By Staff Sgt. Lindsey Maurice, 12th Flying Training Wing Public Affairs

RANDOLPH AIR FORCE BASE (AETCNS) Feb 22 06 - He stood silent, captivated by the hundreds of images on the wall before him. The memories of one of the most pivotal times in his life and American military history surfaced with every square foot.

The sepia images of pilots, navigators, bombardiers, maintenance crews and support personnel are displayed on the mural that runs the length of the hallway at the 99th Flying Training Squadron. It tells the story of the Tuskegee Airmen, a name hundreds of African-American men and women proudly carry.

One of these men is San Antonio native John Miles. Now 83 years old, Mr. Miles remembers when he was in his 20s as if it were yesterday. He had his whole life ahead of him when he left home for the aircraft mechanic journeyman rating school near Tuskegee, Ala., shortly after graduating high school.

“I had other interests at that time like playing sports,” Mr. Miles said. He had several sports-related college scholarships. But he had another calling. “As soon as I heard about Tuskegee I knew it was what I wanted to do,” he said. “I really wanted to learn a trade and work with my hands. It sounded like a once-in-a-lifetime opportunity so I jumped on the chance.”

The Tuskegee training base was relatively new when he arrived there. Before 1940, African-Americans were not allowed to fly in the U.S. military. After much deliberation, the Army Air Corps launched the “Tuskegee Experiment” in 1940, designed to test the ability of African-Americans to fly and maintain combat aircraft.

The Army Air Corps selected Tuskegee Institute as its hub because of its dedication to aeronautical training. It had the amenities, engineering and technical instructors and the right climate for year-round flying. It was the perfect place to become the center for African-American aviation. But the institute was by no means easy for those willing to try.

“Tuskegee was hard work,” Mr. Miles said. “We trained hard and we worked hard. But we knew what we were doing meant something. We were paving the way for future generations.”

Having to deal with racist people at that time added to the already stressful days. “We dealt with protestors outside the base every day, There were a lot of angry people who were against Tuskegee. They didn’t accept us and they made it clear every day. But we went on with life just the same. In the end we had the last say.”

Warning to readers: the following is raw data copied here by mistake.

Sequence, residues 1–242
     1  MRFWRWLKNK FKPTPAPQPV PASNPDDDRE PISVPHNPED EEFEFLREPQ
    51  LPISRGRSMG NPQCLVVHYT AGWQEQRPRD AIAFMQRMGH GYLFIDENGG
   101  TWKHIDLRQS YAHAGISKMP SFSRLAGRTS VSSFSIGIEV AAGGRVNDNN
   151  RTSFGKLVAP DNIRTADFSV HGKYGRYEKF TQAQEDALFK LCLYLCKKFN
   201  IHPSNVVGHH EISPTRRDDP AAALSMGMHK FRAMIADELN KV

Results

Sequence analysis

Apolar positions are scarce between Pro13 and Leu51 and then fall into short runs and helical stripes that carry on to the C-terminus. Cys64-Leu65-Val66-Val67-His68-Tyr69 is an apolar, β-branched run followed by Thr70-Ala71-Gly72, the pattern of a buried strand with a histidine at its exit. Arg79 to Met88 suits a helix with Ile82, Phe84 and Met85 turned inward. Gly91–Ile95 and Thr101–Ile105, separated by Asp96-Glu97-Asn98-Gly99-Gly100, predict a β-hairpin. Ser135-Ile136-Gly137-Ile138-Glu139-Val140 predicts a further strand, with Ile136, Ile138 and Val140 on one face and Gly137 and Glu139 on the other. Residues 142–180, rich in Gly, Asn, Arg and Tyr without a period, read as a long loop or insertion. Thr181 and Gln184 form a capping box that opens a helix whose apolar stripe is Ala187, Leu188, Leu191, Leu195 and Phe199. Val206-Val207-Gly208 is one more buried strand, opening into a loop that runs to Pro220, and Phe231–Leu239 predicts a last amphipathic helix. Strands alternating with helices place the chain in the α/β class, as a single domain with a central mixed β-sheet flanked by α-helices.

Miles spent several years training and working at Tuskegee as an aircraft mechanic before taking a civil service job at Kelly Field in 1945. He said he was excited to return to San Antonio, but he would never forget his time spent at Tuskegee. “I have so many memories,” he said. “I remember seeing (the 99th Pursuit Squadron) deploy to Italy for the war. I remember the birth of my son. I remember all the great people I met there. It is definitely a time I’ll never forget.”

Working as an aircraft mechanic at Kelly for 26 years and retiring with 30 years of civil service, he had serviced everything from the P-51 Mustang to the C-5A Galaxy. Aside from his role in the integration of African-Americans into military aviation, Mr. Miles also helped with integration into America’s favorite pastime — baseball.

While he had always had a passion for the sport, he didn’t really start playing until he came to Kelly. While he was playing for the base team, the Kelly Field Brown Bombers, a Negro Baseball League scout saw him. He was immediately signed to the Chicago American Giants, earning $300 a month plus per diem. “Here they wanted to pay me to do something I love,” he said. “You can’t beat that.”

Since he was still working at Kelly at the time, he received special permission and used his personal time during the next four summers traveling and playing games seven days a week and twice on Sundays. “It was definitely hard work. We traveled all over the U.S. living out of a bus. But it was worth it just to be able to play,” he reminisced.

Miles hit 27 home runs in 1948, his second year in the league, to be among the league’s top hitters. The next year he led the Chicago American Giants to the second half Negro American League title. He also played with many baseball greats including Jackie Robinson, who went on to become the first African-American to play in Major League Baseball.

In 1951, he ended his professional baseball career in the minors playing with the Laredo Apaches of the Gulf Coast League - the only black player on the team. “It was difficult sometimes being the only black man,” he remembered. “I couldn’t stay in the same hotels or eat in restaurants with them, but I knew I was just as good a player as any other and I loved being on that field.” He went on to coach and manage local baseball and basketball teams over the next eight years.

He completed a law enforcement course at San Antonio Junior College and became a commissioned officer. He also became an international, free-lance photographer in 1991.

With so many life experiences behind him, Mr. Miles now spends his days educating today’s youth about the importance of working hard and following dreams. “The main thing I try and stress are three A’s — Attitude… Attend… and Apply,” he said. “If children can do that, they can do anything they set their mind to.”

Mr. Miles is the widower of Bernice Miles, father of six children and grandfather of 28. His children are all college graduates.